STEWART REGAN hailed what he claims is a “new dawn” for Scottish football after agreement in principle on league reconstruction was reached by representatives of all three current governing bodies at Hampden.
The proposal for a 12-12-18 structure, which it is hoped will be put to a vote of all 42 senior clubs within the month, will see the Scottish Premier League disbanded and a return to a single organisation running league football for the first time since the SPL breakaway in 1998.
SFA chief executive Regan emerged in upbeat mood from more than four hours of discussions with representatives
from both the SPL and Scottish Football League.
Accompanied by his SPL and SFL counterparts Neil Doncaster and David Longmuir, Regan confirmed the plans for a top flight of 12 teams, provisionally called the Premiership, a second tier of 12 teams in a Championship and a third tier of 18 teams in a National League.
The 24 clubs in the top two tiers would split into three groups of eight after 22 matches of the season, then playing a further 14 matches. The top eight teams would play for the title and European places, the middle eight to contest promotion and relegation in and out of the Premiership and the bottom eight to decide who drops into the National League.
All three administrators conceded they face a challenge to convince sceptical supporters of the merits of the new set-up which has been tried previously in both Austria and Switzerland without any success. But they presented a united front in their belief that it is what Scottish football needs to address its
While the SFL had previously called for an extended top flight of 16 clubs, they are prepared to accept the SPL’s preference for 12-12-18 in exchange for a fairer financial distribution model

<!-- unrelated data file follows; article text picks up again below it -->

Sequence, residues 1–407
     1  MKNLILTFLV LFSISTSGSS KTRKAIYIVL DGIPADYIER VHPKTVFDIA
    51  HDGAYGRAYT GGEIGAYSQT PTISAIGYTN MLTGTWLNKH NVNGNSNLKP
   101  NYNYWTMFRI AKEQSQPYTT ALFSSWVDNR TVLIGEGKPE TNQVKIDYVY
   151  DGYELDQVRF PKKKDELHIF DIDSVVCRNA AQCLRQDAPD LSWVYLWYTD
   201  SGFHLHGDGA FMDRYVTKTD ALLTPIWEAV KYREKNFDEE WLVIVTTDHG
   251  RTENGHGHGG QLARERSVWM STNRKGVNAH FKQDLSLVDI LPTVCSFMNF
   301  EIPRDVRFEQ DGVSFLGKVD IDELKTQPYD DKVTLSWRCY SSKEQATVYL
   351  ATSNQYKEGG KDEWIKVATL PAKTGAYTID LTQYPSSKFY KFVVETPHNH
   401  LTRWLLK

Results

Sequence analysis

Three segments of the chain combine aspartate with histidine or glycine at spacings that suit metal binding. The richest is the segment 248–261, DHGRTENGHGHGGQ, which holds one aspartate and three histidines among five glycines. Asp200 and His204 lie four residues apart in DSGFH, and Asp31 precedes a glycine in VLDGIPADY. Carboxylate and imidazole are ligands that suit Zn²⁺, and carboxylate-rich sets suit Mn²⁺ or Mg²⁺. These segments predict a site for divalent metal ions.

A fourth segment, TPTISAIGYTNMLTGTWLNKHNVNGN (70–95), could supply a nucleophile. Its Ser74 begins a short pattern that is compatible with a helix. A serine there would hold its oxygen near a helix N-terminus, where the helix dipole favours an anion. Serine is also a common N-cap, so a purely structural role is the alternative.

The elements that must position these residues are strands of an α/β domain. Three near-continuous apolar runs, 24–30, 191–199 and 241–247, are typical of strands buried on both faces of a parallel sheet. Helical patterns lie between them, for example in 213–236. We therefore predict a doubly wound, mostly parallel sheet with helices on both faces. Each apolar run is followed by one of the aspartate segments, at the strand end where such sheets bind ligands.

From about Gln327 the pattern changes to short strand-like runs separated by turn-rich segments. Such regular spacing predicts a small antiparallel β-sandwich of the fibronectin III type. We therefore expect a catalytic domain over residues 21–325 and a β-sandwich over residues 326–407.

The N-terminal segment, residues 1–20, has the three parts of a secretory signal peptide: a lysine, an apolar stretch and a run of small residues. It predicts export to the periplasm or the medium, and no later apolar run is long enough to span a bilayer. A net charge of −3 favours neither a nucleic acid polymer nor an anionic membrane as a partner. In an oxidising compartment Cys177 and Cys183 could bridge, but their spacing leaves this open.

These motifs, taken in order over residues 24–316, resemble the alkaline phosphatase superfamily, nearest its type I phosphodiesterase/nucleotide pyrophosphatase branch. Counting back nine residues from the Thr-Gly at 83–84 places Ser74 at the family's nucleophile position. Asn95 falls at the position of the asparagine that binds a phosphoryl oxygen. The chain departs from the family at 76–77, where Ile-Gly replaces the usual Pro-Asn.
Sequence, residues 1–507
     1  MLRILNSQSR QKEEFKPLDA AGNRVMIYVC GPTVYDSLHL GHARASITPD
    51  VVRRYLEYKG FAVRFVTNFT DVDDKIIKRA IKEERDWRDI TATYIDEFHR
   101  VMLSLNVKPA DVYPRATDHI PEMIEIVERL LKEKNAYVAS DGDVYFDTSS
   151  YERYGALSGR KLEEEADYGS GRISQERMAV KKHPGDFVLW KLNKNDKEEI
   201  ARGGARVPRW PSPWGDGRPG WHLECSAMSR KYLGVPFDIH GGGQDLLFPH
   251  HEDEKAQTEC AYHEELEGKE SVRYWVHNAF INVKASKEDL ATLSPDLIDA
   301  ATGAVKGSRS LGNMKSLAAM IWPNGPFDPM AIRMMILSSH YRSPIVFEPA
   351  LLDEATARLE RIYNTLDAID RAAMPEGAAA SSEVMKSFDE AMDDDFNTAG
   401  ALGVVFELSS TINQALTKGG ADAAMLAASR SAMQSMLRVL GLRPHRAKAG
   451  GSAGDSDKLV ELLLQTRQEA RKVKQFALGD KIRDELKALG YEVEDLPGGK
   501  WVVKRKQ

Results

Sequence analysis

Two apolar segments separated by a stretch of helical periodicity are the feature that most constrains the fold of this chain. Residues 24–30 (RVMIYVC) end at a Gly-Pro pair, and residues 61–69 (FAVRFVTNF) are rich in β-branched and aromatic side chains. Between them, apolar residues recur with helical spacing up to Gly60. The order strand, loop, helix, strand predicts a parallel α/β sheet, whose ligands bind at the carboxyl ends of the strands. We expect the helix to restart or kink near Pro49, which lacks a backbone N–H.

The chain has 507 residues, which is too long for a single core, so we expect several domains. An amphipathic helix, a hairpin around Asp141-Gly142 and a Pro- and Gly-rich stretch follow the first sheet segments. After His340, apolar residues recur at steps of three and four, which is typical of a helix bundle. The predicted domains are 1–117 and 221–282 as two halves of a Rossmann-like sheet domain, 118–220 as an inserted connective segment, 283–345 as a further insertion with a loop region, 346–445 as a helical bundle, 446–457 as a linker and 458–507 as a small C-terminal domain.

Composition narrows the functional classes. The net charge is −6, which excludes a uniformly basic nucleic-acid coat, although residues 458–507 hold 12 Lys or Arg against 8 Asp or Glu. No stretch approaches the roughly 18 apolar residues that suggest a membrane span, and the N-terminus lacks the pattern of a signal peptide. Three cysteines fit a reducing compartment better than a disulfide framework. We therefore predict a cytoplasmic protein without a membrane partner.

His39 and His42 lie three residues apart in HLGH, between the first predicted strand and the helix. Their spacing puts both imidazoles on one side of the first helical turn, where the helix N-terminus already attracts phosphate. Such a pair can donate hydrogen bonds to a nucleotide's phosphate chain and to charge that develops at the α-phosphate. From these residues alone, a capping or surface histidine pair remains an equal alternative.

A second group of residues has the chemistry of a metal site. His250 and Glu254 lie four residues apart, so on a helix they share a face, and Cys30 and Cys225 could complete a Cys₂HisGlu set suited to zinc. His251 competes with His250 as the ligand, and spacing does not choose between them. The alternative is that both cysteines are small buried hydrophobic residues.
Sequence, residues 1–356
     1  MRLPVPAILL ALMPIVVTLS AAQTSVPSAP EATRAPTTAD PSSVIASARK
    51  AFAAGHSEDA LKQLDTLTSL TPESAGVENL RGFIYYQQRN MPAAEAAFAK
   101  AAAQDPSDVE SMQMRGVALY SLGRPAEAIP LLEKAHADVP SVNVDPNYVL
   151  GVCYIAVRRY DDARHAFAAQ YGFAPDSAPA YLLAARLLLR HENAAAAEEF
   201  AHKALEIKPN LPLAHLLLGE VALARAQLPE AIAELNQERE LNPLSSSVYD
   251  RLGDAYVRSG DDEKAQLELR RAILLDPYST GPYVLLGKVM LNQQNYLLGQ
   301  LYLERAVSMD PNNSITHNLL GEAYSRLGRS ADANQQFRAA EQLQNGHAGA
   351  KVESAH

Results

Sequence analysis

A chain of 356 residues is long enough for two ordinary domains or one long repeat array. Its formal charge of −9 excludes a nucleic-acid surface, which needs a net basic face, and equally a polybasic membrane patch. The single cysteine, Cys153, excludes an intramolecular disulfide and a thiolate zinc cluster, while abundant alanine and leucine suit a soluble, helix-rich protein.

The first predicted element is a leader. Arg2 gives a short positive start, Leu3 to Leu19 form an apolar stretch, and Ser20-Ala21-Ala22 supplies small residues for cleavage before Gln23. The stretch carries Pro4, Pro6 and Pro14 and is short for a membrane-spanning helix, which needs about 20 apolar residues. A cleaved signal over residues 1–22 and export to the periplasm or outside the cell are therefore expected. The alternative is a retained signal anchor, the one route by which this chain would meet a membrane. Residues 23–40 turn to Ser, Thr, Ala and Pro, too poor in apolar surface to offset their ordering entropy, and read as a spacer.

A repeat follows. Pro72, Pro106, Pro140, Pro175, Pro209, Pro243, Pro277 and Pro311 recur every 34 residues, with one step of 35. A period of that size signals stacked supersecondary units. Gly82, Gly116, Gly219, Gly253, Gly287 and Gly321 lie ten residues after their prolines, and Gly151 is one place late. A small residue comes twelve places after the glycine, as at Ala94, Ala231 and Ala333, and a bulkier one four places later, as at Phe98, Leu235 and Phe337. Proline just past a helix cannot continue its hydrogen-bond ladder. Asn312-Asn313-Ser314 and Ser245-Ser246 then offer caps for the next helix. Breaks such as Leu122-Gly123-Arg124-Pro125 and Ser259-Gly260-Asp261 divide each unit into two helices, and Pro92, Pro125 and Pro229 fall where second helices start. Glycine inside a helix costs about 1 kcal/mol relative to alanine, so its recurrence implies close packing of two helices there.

and the increased potential for promotion.
“It is a new dawn for Scottish football,” insisted Regan. “I think we have made the most progress I have seen in my time in Scottish football and it’s a real breakthrough today. It’s an opportunity to change the game for the better. Fitting in with the 12-12-18 set-up is agreement on some really key issues for the game – a more equitable sharing of finance for all 42 clubs, a governance structure which ensures parity for what are currently the SPL and SFL going forward and also a series of sporting changes.
“They include the introduction of play-offs and a pyramid for Scottish football – that is, the opening up of what is currently the bottom of the Third Division of the SFL. They are some
massive steps forward for the game. There is a lot of work still to be done and the clubs need to be taken through the detail. A plan will be worked out
collectively before the end of the month and presented to clubs for their views.”
For the proposal to go through, it requires an 11-1 vote in favour from the SPL clubs and the backing of 75 per cent of the SFL clubs. Rangers, who are still associate members of the SFL, are not yet eligible to vote, meaning 22 of the remaining 29 clubs are needed to support the plan.
It was also confirmed that there will be no short-cut back to the top-flight for Rangers, who would remain in the bottom tier even if they win the existing Third Division.
In advance of the meeting of all 42 clubs, the SFL will lay out the terms of the proposals to their 30 members at Hampden. in a fortnight.